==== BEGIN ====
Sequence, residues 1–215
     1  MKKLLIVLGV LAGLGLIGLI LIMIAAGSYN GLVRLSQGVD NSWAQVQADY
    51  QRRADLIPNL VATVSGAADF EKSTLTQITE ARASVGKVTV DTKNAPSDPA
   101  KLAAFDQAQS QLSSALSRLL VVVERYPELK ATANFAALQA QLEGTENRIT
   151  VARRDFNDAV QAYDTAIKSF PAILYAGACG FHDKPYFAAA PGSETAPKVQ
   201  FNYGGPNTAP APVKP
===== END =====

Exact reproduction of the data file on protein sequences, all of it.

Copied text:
Sequence, residues 1–215
     1  MKKLLIVLGV LAGLGLIGLI LIMIAAGSYN GLVRLSQGVD NSWAQVQADY
    51  QRRADLIPNL VATVSGAADF EKSTLTQITE ARASVGKVTV DTKNAPSDPA
   101  KLAAFDQAQS QLSSALSRLL VVVERYPELK ATANFAALQA QLEGTENRIT
   151  VARRDFNDAV QAYDTAIKSF PAILYAGACG FHDKPYFAAA PGSETAPKVQ
   201  FNYGGPNTAP APVKP